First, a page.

Three days into January, I cracked open a jar of the blueberry syrup I canned back in July and inhaled the sweet smell. One nearly-black, sticky spoonful transported me back to that lazy summer day when the fruits simmered into a sauce; I could almost hear the drone of my neighbor’s lawnmower.
There’s not a single item in the grocery store that can provide a pick-me-up like that blueberry syrup. You’ve already heard why I’m sold on home preserving, so I won’t say much more other than there are few tonics that beat the January blahs like the flavors of summer preserved in a jar.
In praise of winter canning
If you’re a beginner to intermediate home canner, you might want to try canning in smaller batches and spread out the task over the year. This keeps you in the groove, and helps prevent burnout! I’ve talked to many people who’ve walked away from preserving altogether because of one overly intense week.
Granted, you really should work when the produce is in season, so the bulk of preserving happens from June to September; however there are still plenty of fun preserving projects possible during the darker months of the year.
You may remember a round-up of winter home canning projects that I posted in November. It was always my intention to get through the holidays, and then unwind in my kitchen with a couple of preserving ventures in January, because with the snow flying outdoors and the kids away at school, this is the perfect time of year to try something new – like marmalade!
Homemade Marmalade: Tips to Success
Ah, marmalade. That jewel-colored jelly with threads of citrus rind suspended throughout which offer both a delightful texture and hint of bitterness – perfectly contrasting the sweet jelly. Whether you like it tucked into warm croissants or brushed onto a baked ham, I’ve found marmalade is always best when you make it yourself.
Here are a few tips to making great marmalade at home.
- Use organic citrus whenever possible to avoid the pesticides on the skin which you will be including in your recipe instead of composting.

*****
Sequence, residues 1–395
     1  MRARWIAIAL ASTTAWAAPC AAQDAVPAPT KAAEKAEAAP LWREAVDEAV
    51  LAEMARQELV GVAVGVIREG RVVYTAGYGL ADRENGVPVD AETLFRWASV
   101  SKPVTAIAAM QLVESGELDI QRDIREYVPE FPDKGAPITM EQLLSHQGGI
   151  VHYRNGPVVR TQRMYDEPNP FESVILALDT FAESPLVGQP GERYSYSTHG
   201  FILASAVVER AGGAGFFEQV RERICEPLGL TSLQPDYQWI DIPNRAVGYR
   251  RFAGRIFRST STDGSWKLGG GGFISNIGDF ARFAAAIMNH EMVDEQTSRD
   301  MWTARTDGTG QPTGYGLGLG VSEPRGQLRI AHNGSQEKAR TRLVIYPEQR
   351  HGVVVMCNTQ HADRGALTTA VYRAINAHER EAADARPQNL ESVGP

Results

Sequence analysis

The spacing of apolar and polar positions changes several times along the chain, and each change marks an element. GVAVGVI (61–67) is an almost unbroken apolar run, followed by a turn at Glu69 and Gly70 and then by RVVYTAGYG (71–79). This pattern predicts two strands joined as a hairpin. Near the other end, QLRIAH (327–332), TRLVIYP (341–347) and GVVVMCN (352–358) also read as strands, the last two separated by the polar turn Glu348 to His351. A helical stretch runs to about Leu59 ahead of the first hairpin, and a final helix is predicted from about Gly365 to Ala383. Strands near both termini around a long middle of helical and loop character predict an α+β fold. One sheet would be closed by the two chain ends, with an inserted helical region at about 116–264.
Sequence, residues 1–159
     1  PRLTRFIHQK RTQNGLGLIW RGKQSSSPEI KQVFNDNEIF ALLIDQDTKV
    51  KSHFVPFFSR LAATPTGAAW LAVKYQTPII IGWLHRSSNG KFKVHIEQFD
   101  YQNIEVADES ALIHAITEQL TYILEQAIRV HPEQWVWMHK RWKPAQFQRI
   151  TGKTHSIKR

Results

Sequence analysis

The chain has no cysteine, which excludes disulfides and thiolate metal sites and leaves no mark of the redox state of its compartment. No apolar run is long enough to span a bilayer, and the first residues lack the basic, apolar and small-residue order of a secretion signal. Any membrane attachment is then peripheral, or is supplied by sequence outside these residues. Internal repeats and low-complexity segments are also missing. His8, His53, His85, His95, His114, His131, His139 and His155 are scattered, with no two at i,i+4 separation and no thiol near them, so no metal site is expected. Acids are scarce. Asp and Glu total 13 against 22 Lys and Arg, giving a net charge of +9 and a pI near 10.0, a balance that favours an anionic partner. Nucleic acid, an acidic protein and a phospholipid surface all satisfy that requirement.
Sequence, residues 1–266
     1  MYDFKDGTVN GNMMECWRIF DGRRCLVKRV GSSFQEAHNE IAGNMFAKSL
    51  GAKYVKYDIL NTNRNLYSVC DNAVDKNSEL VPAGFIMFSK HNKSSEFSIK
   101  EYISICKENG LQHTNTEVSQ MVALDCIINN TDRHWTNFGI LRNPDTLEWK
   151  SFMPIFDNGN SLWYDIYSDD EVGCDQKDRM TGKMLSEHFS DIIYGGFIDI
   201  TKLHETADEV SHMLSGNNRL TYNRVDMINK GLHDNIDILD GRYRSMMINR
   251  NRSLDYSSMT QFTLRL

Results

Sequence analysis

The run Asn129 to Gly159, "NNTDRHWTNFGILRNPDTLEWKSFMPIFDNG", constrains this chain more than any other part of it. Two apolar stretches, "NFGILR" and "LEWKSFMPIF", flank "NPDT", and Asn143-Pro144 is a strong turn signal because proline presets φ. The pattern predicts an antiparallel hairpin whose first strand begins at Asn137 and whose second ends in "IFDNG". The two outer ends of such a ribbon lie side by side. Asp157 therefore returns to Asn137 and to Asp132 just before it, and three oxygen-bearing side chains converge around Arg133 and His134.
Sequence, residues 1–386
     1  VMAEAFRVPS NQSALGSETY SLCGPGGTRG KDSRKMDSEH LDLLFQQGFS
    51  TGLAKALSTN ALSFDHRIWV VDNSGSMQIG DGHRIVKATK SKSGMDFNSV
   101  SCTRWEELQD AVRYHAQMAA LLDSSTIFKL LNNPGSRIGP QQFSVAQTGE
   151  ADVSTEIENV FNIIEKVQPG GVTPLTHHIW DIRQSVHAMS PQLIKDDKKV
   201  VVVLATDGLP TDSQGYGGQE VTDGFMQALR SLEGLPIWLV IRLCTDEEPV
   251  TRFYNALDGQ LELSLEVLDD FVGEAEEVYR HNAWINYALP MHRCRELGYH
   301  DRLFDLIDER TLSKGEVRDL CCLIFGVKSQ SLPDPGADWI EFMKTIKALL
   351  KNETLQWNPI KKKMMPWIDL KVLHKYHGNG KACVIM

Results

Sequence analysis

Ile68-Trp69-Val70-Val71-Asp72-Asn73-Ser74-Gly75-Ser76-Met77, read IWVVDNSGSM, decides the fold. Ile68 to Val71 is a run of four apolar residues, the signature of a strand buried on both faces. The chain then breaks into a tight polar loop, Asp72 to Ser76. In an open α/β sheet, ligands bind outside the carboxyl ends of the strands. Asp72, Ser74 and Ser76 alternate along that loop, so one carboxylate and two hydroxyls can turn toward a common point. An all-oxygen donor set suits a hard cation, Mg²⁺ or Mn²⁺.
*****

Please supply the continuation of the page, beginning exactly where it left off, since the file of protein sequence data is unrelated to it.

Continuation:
- Use a very sharp knife to remove and prepare the rind. This is one kitchen project where you cannot use a food processor.
- Measure all ingredients out ahead of time.
- Assemble all canning equipment ahead of time. See our guide on Canning Basics for a list of tools.
- Allow the marmalade to sit, undisturbed for at least one week, to allow it to fully set.
Recipe: Pink Grapefruit & Pomegranate Marmalade
Recipe by Yvonne Tremblay. Used with permission from 250 Home Preserving Favoritesby Yvonne Tremblay.
Yields: 8 -250ml jars.
- 4 large pink grapefruit, scrubbed and dried
- 1 cup water
- 1 cup unsweetened pure pomegranate juice
- 1 package (1.75oz) powdered pectin
- 4 1/2 cups granulated sugar
Using a paring knife, remove peel from grapefruit in large strips, taking care not to remove too much of the ‘pith’ or white part. Thinly slice peel, to make 1 cup.
In a small saucepan, combine peel and water and bring to a boil over high heat. Reduce heat and simmer, covered, for 15-20 minutes. Set aside.
Remove and discard the remaining peel and pith from the grapefruit. Finely chop grapefruit, discarding seeds and any connective membranes.
Measure to make 3 cups, including juices.
In a dutch oven, combine grapefruit, cooked peel with liquid, and pomegranate juice. Bring to a full boil over high heat; reduce heat and simmer for 5 minutes, stirring occasionally.
Stir in pectin until dissolved. Bring to a full boil over high heat, stirring constantly.
Add sugar in a steady stream, stirring constantly. Return to a full boil, stirring constantly to dissolve sugar. Boil hard for 1 minute. Remove from heat and skim off any foam. Stir for 5 to 8 minutes to prevent floating rind.
Ladle into sterilized jars to within 1/4 inch of rim; wipe rims. Apply prepared lids and rings; tighten rings just until fingertip-tight.
Process jars in a boiling water canner for 10 minutes.
Transfer jars to a towel-lined surface and let rest at room temperature until set. Check seals; refrigerate any unsealed jars for up to 3 weeks. This marmalade is best served after resting for 1 week.
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What are you enjoying now that you preserved last year?